After  the age 65 several  women who have not been diagnosed with cervical cancer or precancer can stop having Pap smears as long as they have had three negative tests within the past 10 years. Pap screening should start at age 21. Routine screening is suggested  every 3 years for women ages 21 to 65.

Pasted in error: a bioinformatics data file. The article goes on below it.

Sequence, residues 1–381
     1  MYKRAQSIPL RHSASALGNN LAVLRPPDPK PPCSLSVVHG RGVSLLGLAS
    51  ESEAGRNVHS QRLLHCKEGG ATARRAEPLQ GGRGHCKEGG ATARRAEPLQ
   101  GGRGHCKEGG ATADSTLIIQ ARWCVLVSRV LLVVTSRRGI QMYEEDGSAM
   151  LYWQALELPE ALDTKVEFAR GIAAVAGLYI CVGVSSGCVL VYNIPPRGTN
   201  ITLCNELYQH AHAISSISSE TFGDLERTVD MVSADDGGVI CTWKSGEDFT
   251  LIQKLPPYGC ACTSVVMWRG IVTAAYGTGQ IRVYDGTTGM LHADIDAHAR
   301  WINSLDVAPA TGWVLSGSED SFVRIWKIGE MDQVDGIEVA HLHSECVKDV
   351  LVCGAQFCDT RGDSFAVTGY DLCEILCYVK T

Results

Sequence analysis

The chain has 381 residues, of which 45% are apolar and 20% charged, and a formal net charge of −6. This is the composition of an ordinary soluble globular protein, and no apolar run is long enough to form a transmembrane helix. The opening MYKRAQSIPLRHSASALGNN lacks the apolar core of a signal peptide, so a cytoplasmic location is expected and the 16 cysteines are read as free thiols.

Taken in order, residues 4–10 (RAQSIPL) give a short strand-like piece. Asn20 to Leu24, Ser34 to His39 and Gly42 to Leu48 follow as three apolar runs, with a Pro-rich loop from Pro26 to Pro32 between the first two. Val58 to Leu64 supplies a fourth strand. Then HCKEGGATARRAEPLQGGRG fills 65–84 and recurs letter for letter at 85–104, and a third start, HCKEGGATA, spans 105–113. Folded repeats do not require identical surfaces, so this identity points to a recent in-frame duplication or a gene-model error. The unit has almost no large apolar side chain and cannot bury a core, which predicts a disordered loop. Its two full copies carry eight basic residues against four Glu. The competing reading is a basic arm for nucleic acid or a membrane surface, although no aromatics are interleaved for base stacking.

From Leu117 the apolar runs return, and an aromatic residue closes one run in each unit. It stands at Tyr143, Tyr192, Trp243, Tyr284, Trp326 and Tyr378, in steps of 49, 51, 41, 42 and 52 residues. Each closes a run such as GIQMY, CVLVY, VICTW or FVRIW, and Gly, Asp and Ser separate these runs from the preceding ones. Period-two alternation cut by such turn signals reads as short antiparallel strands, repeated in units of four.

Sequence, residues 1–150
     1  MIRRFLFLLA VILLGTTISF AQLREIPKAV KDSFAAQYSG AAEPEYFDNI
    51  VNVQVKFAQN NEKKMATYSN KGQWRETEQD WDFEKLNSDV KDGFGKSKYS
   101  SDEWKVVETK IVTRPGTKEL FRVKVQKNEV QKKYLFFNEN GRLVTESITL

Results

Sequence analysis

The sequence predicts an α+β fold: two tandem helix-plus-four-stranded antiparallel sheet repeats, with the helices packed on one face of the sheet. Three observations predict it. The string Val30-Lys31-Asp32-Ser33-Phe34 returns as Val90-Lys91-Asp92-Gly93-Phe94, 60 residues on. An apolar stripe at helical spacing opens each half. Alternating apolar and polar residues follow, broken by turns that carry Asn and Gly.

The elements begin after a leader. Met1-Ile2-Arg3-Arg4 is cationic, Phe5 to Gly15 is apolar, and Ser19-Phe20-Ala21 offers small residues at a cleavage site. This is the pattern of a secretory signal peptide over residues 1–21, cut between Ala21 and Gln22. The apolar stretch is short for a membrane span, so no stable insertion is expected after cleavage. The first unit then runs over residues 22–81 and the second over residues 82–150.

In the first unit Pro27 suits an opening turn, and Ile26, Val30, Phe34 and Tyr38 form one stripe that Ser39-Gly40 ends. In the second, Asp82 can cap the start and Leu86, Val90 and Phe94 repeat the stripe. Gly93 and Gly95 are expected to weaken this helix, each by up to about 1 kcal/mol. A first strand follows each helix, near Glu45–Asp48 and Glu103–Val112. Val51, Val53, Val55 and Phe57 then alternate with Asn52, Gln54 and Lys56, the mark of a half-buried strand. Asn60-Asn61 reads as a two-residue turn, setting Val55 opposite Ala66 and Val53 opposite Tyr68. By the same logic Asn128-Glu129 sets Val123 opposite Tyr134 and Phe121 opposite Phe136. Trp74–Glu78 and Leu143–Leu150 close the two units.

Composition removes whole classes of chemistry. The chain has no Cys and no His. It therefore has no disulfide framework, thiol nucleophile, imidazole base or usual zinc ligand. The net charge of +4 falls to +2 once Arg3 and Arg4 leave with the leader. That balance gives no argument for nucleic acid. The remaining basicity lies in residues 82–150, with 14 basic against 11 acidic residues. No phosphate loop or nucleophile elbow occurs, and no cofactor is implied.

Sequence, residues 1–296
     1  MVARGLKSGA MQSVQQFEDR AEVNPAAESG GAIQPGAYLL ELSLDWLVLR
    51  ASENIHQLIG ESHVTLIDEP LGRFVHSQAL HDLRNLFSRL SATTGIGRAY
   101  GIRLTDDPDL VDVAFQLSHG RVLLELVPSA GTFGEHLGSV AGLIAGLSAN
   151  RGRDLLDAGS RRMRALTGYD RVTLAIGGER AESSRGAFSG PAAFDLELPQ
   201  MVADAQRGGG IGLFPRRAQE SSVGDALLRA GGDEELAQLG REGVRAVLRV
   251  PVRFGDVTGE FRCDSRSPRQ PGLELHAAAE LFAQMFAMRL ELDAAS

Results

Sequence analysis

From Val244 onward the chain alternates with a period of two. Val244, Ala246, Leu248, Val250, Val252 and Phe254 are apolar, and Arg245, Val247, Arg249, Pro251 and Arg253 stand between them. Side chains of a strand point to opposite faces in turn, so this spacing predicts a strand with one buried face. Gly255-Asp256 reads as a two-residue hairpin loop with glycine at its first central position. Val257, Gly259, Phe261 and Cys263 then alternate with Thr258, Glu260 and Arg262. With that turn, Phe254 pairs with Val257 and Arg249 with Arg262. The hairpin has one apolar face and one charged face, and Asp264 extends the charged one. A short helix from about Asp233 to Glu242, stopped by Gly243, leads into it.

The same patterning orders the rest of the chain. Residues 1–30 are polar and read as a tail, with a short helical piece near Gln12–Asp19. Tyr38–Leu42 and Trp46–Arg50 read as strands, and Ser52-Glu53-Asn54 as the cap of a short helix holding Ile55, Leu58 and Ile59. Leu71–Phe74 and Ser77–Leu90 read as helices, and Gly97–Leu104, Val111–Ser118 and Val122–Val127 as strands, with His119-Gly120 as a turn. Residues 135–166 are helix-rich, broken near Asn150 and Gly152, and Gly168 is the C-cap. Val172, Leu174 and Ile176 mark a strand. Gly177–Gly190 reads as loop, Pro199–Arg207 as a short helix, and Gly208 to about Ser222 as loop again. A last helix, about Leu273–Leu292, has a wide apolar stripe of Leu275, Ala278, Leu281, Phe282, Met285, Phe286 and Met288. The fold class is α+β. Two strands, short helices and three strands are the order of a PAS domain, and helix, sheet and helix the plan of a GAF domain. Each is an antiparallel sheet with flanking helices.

You could also consider combining the Pap test with human papillomavirus screening or the HPV test alone every five years after the age of 30. Context  Mammography is suggested and is cost-effective for women aged 50 to 69 years, but the value of continuing screening mammography after age 69 years is not known. In particular, older women with low bone mineral density (BMD) have a lower risk of breast . Guidelines for cervical cancer screening and pelvic exams for women over age 65 have recently changed. The Goals of these guidelines have shifted from yearly Pap smears and exams to longer intervals or discontinuation in this age group. It manuscript analyzes the implications for practice as this population of women’s lives longer without gynecologic care. Women over 65 years of age with previous normal Pap smear results in the past can stop cervical cancer screening after consultation with your gynecologist. However, if their previous pap smears had any precancerous lesions (like CIN2 or CIN3) they should continue their regular screening with Pap tests. But women who had never had a pap test done before had higher rates of CIN or cervical cancer. So they should continue with the routine screening. The guidelines for testing are the same even for women who have received the HPV vaccine.